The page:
Now Class, Take Out your Cell Phones

A teacher mentioned she recently heard that students in Japan are using their cell phones as study aids. What is this about?

Students in Asia and Europe are using cell phones to study foreign languages, spelling, math, and other academic subjects. They are also accessing lectures, both live and archived, via their cell phones. This new approach to instructional delivery is now making some inroads in the U.S. For example, high school students can now download and view SAT preparation materials on the phone’s display screen, and Random House is licensing two of its product lines to a company that delivers instructional materials to subscribers through their cell phones. These materials will be in text and audio formats.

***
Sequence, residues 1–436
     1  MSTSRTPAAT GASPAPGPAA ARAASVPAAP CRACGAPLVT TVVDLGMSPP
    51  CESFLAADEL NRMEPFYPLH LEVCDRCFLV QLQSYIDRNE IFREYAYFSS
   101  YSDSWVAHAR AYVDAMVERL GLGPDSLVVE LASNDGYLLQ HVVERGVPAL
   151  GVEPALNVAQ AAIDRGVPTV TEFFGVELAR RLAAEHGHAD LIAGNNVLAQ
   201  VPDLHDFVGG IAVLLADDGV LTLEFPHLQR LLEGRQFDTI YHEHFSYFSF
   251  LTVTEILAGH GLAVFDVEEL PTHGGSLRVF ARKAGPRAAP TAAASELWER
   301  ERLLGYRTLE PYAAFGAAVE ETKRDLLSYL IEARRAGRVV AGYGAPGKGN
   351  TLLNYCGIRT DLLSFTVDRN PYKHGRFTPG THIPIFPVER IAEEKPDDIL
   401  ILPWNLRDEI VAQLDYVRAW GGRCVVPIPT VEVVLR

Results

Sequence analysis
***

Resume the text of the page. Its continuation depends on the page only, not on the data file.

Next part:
Marc Prensky, an internationally known consultant in the field of education and learning, suggests that in light of these recent developments, U.S. educators need to stop fighting the presence of cell phones on campus and begin figuring out ways to take advantage of the fact that an increasing number of our students come to school with at least one of these powerful computing devices stashed in their backpacks.

Submitted by: Susan Brooks-Young

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